Ransomware is a type of computer attack that wreaked havoc last year. It is about encrypting the data of a computer, so that the user cannot access their files without a password. The only way to recover the data is to pay (usually with cryptocurrencies, and it is not always reliable) to the responsible cybercriminals to deliver the password and the system can be accessed again.
Ransomware, which consists of hijacking the data of a device and releasing it by paying a ransom, not only affects computers
But it has now been demonstrated in the Def Con, the annual hacking conference that is taking place in Las Vegas (United States), that computers are not the only devices exposed to such attacks.
A security researcher showed that digital cameras (with their photo load of presumably great sentimental value) are especially vulnerable to ransomware attacks.
The researcher demonstrated this vulnerability with a Canon EOS 80D camera, but it is probably not a specific model failure. In fact, all cameras that have WiFi connectivity (something increasingly common), are potentially vulnerable.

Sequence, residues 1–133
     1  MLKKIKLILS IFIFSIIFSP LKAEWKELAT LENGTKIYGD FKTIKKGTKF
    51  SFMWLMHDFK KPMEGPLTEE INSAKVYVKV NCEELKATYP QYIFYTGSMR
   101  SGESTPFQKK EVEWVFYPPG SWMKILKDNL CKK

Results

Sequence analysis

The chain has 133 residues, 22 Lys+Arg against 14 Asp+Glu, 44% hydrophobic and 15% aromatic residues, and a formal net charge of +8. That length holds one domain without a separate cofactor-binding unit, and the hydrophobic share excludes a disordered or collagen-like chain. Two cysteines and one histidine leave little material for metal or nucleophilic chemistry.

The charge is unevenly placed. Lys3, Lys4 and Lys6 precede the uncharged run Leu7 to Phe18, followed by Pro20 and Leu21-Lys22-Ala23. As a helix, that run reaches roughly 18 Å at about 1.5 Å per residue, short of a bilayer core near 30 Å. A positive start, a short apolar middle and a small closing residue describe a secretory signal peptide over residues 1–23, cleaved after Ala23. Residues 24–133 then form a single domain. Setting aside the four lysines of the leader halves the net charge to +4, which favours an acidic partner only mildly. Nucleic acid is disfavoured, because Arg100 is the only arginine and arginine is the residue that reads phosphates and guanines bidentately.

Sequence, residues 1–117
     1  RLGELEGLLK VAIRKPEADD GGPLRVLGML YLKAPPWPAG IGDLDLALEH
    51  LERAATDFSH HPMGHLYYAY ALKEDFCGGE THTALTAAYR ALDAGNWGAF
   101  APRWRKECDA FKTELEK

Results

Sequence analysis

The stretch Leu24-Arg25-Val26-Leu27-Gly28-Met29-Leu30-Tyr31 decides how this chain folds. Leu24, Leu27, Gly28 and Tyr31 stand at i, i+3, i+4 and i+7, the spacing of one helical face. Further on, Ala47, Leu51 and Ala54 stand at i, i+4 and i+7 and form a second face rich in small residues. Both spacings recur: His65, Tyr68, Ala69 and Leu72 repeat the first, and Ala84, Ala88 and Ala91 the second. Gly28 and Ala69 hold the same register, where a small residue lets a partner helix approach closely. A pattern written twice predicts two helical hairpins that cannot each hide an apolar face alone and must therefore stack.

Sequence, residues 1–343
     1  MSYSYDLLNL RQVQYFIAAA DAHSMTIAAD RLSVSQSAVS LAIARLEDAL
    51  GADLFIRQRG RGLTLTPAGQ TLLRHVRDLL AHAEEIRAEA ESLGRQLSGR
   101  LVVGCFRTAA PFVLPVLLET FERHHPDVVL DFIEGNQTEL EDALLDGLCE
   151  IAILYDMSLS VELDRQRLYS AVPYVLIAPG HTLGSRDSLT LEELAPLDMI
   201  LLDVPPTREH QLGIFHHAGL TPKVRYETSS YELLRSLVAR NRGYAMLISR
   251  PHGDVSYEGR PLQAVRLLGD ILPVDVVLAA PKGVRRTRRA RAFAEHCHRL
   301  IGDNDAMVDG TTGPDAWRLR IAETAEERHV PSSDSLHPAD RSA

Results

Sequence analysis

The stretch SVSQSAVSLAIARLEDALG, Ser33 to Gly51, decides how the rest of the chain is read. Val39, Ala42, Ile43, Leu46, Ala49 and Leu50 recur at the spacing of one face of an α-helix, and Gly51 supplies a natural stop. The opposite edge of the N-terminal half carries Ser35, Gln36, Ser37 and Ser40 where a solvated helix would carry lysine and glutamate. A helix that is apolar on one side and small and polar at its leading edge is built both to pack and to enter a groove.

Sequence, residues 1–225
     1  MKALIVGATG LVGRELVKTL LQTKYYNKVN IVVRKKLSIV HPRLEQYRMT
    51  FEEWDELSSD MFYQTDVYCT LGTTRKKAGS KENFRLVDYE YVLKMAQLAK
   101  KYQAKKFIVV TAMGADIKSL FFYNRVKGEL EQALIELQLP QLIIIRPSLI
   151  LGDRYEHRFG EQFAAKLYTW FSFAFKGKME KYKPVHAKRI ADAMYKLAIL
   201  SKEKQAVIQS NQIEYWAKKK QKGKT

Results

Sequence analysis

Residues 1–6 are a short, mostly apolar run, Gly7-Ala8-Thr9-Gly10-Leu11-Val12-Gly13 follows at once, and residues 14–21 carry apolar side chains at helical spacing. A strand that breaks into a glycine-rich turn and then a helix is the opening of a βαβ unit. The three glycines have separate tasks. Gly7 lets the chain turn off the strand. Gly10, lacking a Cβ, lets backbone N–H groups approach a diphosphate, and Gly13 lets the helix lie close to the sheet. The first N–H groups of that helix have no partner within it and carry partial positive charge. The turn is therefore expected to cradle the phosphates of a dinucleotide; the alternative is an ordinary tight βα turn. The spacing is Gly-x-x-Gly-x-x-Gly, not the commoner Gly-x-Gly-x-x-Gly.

The attack is achieved by tricking the user and having him install fake firmware updates that actually contain the virus in question. Thus, the photos would be locked and the camera screen would show a warning suggesting the user to make a payment if he wants to recover his photos.
The solution? In addition to ensuring that the manufacturer’s official firmware is downloaded, turn off the WiFi and Bluetooth when it is not being used.
Even so, the findings found in Def Con have been communicated to Canon, who are working on a security patch to mitigate this vulnerability, which will be included in an update that users should download. In any case, this could affect not only cameras of that brand, but any other.